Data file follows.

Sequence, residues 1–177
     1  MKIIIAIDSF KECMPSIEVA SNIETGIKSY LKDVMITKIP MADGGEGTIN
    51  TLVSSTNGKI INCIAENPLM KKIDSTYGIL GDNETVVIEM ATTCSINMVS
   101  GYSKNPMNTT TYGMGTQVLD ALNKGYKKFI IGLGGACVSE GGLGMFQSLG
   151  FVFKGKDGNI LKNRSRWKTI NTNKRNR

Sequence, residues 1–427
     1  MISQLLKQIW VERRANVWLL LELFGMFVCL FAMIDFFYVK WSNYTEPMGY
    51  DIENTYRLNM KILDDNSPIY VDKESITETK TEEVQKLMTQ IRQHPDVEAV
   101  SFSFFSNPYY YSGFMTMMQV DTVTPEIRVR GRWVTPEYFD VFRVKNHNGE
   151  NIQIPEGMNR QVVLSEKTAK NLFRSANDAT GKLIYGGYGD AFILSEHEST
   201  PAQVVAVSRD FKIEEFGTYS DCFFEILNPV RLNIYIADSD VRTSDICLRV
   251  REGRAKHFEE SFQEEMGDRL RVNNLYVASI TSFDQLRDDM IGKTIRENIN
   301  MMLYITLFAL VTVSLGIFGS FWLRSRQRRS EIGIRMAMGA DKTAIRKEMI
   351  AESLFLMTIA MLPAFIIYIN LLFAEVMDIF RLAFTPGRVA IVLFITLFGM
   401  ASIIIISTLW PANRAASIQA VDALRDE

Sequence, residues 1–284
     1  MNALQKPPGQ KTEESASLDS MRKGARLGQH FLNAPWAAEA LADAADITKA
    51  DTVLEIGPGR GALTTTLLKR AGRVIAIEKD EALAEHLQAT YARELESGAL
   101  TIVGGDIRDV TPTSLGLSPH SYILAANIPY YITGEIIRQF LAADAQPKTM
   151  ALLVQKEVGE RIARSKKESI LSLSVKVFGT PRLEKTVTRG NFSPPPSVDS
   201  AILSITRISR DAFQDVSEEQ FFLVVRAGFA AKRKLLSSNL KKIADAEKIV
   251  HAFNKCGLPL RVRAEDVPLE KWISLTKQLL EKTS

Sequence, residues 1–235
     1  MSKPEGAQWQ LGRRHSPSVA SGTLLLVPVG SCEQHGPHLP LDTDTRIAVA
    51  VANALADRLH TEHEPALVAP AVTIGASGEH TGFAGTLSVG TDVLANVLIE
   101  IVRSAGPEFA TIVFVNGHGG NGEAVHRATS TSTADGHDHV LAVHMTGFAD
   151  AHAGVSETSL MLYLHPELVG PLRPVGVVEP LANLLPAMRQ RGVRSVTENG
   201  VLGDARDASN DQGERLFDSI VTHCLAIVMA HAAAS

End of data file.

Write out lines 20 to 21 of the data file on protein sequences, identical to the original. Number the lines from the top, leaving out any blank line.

   151  ALLVQKEVGE RIARSKKESI LSLSVKVFGT PRLEKTVTRG NFSPPPSVDS
   201  AILSITRISR DAFQDVSEEQ FFLVVRAGFA AKRKLLSSNL KKIADAEKIV